WalkScore update

SacWalkScore43
SacTransitScore33
SacBikeScore68

WalkScore has released for Sacramento a new walk score, 43, transit score, 33, and bike score, 68. New York is the top walk score city at 92, followed by San Francisco, Boston, Philadelphia and Miami. New York is the top transit score city at 81, followed by Boston, San Francisco, Washington DC, and Philadelphia. Portland is the top bike score city at 70, followed by San Francisco, Denver, Philadelphia and Boston. Sacramento compares very well in bike score, at 68, but poorly in walk score and transit score.

For the Sacramento region, walk scores in various neighborhoods range from 5 to 92 (of 100), transit scores range from 11 to 65, and bike scores range from 38 to 100. In general, the scores track with each other, walk friendly = transit friendly = bike friendly, however, there are exceptions. You can look up your neighborhood on the chart linked below, or go to WalkScore for a lot more detail on Sacramento. The top five neighborhoods are Boulevard Park, Downtown, Midtown/Winn Park/Capital Avenue, Marshall School and Mansions Flats, all in the city of Sacramento. WalkScore exists largely as a sales tool for houses and apartments, but it has broad applicability as well.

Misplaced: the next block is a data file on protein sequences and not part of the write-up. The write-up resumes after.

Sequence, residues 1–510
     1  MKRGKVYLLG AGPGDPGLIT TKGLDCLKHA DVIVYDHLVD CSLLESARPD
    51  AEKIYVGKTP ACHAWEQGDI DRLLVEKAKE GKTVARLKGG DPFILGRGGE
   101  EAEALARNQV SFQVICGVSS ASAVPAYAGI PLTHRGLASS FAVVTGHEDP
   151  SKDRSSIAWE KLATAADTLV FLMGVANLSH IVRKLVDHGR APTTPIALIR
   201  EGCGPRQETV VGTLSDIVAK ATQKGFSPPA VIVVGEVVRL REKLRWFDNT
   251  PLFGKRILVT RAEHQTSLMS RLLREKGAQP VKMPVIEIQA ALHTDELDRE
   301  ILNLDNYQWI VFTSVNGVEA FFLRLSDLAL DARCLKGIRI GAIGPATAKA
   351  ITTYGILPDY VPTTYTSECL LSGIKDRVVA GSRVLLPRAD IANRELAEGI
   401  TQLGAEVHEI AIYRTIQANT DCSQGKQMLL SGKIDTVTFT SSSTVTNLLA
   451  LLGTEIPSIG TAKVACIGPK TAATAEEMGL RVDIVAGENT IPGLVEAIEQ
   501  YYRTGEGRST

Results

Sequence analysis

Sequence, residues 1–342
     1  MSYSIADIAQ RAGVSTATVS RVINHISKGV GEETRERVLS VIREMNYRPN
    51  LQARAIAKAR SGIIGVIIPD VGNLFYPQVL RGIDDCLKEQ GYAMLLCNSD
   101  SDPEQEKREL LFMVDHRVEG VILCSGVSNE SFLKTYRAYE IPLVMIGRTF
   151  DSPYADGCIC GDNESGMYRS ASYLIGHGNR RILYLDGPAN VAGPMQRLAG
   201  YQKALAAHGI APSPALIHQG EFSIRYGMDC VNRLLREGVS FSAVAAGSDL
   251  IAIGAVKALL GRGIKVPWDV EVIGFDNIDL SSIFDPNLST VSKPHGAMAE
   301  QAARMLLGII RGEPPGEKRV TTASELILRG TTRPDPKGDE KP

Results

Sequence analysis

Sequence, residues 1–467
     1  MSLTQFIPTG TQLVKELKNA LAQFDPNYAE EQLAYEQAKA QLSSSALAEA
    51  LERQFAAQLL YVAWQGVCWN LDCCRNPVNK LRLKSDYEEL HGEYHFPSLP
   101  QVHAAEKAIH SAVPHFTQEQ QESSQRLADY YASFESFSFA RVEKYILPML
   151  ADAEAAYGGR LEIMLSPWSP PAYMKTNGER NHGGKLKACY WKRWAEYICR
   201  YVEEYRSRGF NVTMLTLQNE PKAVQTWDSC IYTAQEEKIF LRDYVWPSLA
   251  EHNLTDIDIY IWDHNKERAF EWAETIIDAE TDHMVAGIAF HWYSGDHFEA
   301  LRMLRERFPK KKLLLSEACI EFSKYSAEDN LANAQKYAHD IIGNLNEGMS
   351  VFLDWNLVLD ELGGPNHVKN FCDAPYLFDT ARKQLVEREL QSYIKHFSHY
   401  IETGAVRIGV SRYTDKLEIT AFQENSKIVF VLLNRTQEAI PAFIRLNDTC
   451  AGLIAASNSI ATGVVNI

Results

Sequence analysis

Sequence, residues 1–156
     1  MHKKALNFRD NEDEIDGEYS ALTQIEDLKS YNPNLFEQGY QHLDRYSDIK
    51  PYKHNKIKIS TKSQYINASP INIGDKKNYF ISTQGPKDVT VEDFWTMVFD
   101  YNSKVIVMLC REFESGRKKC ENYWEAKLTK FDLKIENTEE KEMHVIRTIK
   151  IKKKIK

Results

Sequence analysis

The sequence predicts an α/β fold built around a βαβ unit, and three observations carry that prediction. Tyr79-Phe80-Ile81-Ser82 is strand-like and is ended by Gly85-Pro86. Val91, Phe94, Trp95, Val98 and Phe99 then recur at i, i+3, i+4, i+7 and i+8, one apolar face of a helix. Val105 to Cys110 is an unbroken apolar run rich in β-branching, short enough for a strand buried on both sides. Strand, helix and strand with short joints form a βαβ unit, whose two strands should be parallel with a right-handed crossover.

SacramentoNeighborhoodsWalkScore

Reference: The top 10 US cities for public transportation (Kaid Benfield, NRDC Switchboard, 2014-01-28)

And, I’m happy to report that where I live, on the border between Midtown and Downtown is:

MyWalkScore82MyTransitScore62MyBikeScore99
And that’s why I live here!

Bike Score

Bike Score for Minneapolis, with “heat map”

The next stage from the folks at Walk Score, Bike Score, is now available, for a select 10 cities. There aren’t any big surprises, Minneapolis, San Francisco, and Madison are at the top.

Sacramento is not on the list of 10. If you’d like to see it there, you can go to the Bike Score page and tweet a vote for it. Please do!

Walk Score also recently released Transit Score, where Sacramento is listed, as 22 out of the 25 largest cities with accessible transit data, at a score of 32. Both the Bike Score and Transit Score are created at a city-wide level, unlike the address-specific Walk Score. So these rankings are just first steps, but nevertheless interesting and useful.

You may have seen articles in the media recently about the high correlation between walkability and housing prices, with walkable communities in high demand and unworkable suburbs in the doldrums. This is good news for all of us. Walk Score was in fact designed as a tool for helping people find real estate and apartments in places that fit their desired lifestyle. As the correlation between walkable, bikeable, transit-dense communities and livability becomes more clear, resources (societal and personal) will be shifted away from the suburbs to urban areas.